Found a chart that breaks it down pretty good. Check the link out below, but just to summarize quickly, cars and trucks, produce most of the pollutants. Residential wood burning shows up in the chart as well, and so does marine vessels.
by panachronic on 8/21/2009 @ 8:41pm
|"McChord air traffic and vehicle traffic around Fort Lewis have grown immensely since Bush started his wars. Some of the sky behemoths look and sound like they’d qualify for cash for clunkers…"
Oh, right... it's Bush's fault. OK, found the problem. Everybody can go home.
Actually, it's pretty evident that you didn't live around here during the Cold War. These days, McChord is downright serene compared to back when it was a NORAD base.
by Thorax O'Tool on 8/21/2009 @ 10:18pm
|During WWII, my grandpa attended Bellarmine. He told me how they'd have to stop class every 5-10 minuets to wait for the planes to pass. Otherwise no one could hear the teacher.
But do we really want to go on this path of blaming Bush? I mean, the guy is at the bottom of my list of favorite presidents, but playing the Bush-Blame-Game is so 2007. Everyone knows Saint Obama is the new Scapegoat in DC. I thought we all knew the sole purpose of the President is to distract us from seeing who's really running the show...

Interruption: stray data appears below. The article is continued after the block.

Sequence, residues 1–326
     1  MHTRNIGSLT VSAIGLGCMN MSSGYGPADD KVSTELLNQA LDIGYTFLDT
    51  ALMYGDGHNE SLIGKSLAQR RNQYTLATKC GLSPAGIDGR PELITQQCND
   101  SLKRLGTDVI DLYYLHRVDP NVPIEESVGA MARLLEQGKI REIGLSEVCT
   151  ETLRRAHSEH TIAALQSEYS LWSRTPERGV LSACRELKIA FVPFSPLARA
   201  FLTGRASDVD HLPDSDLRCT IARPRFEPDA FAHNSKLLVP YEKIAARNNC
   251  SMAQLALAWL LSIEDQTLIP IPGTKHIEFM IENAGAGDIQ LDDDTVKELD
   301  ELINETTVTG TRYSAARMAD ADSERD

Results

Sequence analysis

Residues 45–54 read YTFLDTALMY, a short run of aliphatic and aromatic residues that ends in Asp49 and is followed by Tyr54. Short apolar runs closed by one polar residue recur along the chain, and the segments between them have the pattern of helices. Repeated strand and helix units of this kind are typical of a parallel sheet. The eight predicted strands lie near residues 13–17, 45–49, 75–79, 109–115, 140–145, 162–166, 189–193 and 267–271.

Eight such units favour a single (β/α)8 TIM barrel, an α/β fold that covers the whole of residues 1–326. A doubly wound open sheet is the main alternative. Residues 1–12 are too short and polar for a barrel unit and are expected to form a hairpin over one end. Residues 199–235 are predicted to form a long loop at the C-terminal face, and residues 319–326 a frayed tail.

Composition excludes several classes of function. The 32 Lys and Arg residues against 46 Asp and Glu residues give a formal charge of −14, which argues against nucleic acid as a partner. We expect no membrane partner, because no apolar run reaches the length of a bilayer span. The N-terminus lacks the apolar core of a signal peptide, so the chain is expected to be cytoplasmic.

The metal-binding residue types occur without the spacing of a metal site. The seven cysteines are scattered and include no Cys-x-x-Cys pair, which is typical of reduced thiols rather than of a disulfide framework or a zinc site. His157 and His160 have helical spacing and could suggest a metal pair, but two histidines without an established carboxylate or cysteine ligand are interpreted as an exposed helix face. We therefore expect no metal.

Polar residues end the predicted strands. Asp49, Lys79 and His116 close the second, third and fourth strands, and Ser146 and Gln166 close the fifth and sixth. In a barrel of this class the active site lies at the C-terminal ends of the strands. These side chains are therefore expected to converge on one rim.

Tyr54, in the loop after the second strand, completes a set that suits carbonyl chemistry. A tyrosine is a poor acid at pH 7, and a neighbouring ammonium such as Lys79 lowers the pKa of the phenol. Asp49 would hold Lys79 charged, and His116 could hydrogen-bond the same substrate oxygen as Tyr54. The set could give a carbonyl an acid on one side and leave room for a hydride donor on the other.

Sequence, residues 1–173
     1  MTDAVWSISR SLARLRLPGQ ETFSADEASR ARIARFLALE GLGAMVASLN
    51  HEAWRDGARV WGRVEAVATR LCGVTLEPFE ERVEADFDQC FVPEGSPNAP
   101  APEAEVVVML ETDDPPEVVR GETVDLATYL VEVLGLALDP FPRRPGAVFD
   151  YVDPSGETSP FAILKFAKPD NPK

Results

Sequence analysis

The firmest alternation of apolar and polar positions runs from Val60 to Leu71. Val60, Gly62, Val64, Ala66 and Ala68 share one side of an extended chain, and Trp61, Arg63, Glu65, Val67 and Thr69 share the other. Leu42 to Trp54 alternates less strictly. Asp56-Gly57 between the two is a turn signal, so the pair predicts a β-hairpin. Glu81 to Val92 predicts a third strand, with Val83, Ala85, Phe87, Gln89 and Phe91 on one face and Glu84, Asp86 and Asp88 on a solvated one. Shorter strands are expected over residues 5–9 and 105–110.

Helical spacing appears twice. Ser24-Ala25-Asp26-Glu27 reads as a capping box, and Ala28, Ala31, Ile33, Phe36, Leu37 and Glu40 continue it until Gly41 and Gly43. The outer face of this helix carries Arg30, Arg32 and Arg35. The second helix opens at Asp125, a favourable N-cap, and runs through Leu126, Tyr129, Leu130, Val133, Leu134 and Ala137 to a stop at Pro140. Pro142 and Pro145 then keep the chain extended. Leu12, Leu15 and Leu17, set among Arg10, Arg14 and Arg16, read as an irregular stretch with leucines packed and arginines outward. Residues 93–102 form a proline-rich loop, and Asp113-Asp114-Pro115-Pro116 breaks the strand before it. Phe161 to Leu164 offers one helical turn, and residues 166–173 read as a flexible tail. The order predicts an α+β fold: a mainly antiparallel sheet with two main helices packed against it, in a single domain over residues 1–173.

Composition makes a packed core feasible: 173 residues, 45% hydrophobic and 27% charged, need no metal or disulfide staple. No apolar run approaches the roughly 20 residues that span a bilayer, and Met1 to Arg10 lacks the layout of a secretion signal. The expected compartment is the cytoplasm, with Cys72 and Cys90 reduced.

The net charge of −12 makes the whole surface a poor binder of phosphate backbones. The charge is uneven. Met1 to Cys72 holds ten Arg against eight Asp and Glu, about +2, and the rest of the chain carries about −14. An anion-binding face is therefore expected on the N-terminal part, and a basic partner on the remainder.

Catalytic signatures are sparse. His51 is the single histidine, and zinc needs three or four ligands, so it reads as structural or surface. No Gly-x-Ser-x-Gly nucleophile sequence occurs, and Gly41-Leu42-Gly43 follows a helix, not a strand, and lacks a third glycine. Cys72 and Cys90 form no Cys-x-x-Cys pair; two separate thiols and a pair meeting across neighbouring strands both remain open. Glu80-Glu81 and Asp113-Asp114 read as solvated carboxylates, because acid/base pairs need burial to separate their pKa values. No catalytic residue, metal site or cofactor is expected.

by Thorax O'Tool on 8/21/2009 @ 10:23pm
|I we really, really want to point a finger, I'm gonna point it at suburban sprawl and everything that encouraged it.|
by tacoma1 on 8/22/2009 @ 7:10am
How will partisan politics help the air quality in Tacoma? Do you have a solution to our current air quality problem? Can you think of something that you can do to help?
Can't say that I was a Bush fan, but he was a supporter of light rail throughout the country. That would be the only nice thing that I can think to say about his administration, so I'll leave it at that.
by fredo on 8/22/2009 @ 8:19am
another rare occasion where tacoma1 and fredo agree.